The movie starts out with a ghost sighting in a haunted mansion. That incident leads to the mansion owner seeking out Dr. Erin Gilbert (Kristen Wiig), who vehemently denies writing a book about the existence of paranormal phenomenon as it threatens her reputation as a legit science professor. Soon Gilbert is reunited with her estranged friend and co-writer of the book, Dr. Abby Yates (Melissa McCarthy), who’s still as passionate as ever in her ghost-hunting vocation at a tech college. Her partner in crime is ab eccentric engineer Dr. Jillian Holtzmann (Kate McKinnon). When MTA worker Patty Tolan (Leslie Jones) reported a ghost sighting at a subway tunnel, the Ghostbusters quartet is complete. Each was given a chance to shine here and I honestly can’t pick a favorite as I like ’em all.

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This is definitely an origin story from writer/director Paul Feig (who co-wrote it with Katie Dippold), not only told the story of how the team came together, but also how the Ghostbusters logo came about. I think they’ve assembled a great cast, as the four actresses have a great chemistry together and they work well as a team. It’s awesome to see regular girls, some are nerdy and prone to fan-girling (whether it’s ghost or hot-but-dumb male secretary), get to kick ass on the big screen. We’ve seen more of supermodel look-alike heroines like Lara Croft, Wonder Woman, etc. saving the world, so it’s always refreshing to see women we can relate to have their moment this time around.

Speaking of that hot-but-dumb secretary, Chris Hemsworth is definitely game in poking fun at himself as Kevin. He’s obviously aware of his more-brawn-than-brain image and goes all out with it, though at times it feels a bit too much. He’s not quite the scene stealer here, but certainly memorable. As for the cameos of Bill Murray, Dan Aykroyd and Ernie Hudson, well they’re amusing to see but the scenes they’re in are not as funny as I expected.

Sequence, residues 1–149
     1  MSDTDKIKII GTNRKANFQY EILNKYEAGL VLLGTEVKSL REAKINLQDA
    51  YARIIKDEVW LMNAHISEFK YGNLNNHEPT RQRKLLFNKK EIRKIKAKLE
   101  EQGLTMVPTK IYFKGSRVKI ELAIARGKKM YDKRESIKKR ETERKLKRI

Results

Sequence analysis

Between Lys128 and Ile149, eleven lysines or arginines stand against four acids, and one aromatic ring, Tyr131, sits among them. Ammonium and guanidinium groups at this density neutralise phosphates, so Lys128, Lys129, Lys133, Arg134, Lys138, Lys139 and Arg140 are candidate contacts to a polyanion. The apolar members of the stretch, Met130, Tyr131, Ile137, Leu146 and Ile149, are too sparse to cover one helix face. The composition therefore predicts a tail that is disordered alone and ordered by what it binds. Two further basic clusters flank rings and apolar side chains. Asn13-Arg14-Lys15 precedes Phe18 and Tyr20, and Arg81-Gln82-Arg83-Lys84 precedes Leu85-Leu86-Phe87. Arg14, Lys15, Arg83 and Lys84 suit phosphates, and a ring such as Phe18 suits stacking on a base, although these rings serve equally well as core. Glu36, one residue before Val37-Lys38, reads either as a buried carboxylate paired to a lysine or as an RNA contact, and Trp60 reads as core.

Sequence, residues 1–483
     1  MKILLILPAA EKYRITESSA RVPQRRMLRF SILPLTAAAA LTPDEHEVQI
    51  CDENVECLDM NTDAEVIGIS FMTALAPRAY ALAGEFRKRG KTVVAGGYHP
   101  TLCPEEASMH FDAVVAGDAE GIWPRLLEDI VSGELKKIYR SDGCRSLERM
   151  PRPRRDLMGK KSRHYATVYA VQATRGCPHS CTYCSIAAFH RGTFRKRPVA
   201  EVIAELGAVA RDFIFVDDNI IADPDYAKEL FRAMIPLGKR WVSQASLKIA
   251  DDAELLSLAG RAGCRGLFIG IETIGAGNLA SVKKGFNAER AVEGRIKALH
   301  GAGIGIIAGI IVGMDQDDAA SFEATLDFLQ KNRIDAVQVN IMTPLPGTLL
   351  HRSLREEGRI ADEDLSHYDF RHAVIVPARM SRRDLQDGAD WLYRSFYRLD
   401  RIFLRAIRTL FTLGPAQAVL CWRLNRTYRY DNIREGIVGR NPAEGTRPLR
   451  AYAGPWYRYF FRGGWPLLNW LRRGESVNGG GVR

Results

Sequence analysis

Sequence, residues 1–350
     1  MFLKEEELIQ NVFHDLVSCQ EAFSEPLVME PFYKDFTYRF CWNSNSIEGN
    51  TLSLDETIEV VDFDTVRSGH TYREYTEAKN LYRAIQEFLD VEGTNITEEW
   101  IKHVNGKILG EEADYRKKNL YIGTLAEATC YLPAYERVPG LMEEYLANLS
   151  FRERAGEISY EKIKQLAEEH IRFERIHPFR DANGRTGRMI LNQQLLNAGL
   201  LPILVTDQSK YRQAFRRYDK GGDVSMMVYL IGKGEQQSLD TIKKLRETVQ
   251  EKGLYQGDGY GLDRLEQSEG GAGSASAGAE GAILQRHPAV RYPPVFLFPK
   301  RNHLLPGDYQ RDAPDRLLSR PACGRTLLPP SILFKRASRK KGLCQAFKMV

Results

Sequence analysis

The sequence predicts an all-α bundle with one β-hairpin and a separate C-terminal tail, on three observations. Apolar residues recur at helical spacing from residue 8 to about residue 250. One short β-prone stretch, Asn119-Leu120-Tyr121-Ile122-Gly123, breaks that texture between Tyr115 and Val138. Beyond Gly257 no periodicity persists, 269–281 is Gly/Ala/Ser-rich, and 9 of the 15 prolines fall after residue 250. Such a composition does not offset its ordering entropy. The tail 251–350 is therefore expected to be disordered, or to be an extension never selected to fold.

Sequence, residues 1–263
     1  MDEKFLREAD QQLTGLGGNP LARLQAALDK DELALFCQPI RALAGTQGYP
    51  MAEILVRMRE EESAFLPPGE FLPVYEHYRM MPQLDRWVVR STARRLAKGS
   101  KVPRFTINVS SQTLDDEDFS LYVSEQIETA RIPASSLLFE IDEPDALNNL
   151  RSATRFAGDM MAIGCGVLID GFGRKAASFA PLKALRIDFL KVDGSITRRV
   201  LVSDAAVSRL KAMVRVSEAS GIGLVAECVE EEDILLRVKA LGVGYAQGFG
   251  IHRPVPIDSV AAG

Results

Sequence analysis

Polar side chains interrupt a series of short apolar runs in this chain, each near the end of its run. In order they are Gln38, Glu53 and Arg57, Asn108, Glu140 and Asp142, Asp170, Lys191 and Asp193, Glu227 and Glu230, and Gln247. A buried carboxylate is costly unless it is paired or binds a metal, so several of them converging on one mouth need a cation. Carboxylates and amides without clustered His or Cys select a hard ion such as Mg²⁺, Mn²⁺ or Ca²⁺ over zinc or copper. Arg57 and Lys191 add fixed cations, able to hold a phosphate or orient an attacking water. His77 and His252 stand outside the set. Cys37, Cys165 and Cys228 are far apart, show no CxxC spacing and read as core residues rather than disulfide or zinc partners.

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The comedic style of this new movie is quite different from the original, for one I find that the new one has more wisecrackin’ one liners. I love the fact that the movie pokes fun at the haters…

‘It’s really easy sit there and be the naysayer when you don’t actually do anything.’ – Abby Yates

… but one of the funniest moments for me was when Leslie Jones’ character jumps into the mosh pit, but falls to the ground when the crowd moves away.

“I don’t know if it was a race thing or a lady thing, but I’m mad as hell!”

Comedy is so subjective, so you either love or hate ’em, but having enjoyed Spy (also written and directed by Paul Feig and stars Melissa McCarthy), this one seems to be in a similar vein. The funniest bits are when the cast are bantering with each other, even the slapstick stuff involving the myriad ghostbustin’ weaponry made me laugh. But I find the last act to be the weakest and I find myself wandering a bit as the CGI-fest is happening on screen.

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As with many recent big-budget action flicks like Batman V Superman, there seems to be an obsession with blowing up a city. It’s as if all these filmmakers are infected w/ Michael Bay syndrome or something. The fight scene at the end is once again filled with a city being blown to bits and the colossal CGI smash went on for way too long. I mentioned it in the Dawn of Justice review, it’s a sensory overload that feels like an endurance contest for the audience. Yes I know the original also has a big action scene at the end, but it didn’t feel as bloated as this new one. It also didn’t help that this movie also has a very weak and totally uninteresting villain. I can’t even remember what the guy’s name was who summons all the ghosts to wreck havoc among the living.

That said, I’m glad I saw this and I’m happy to say I enjoyed it overall. I’d say it’s a pretty good Summer escapist fun that pays homage to the original. I wonder at times whether they should’ve made this into a spin-off instead of a reboot, which would perhaps give the filmmakers more wiggle room to make it a different story that’s still about ghost hunting. Whether or not that’d be a better movie remains to be seen of course, but it’d be interesting to see that.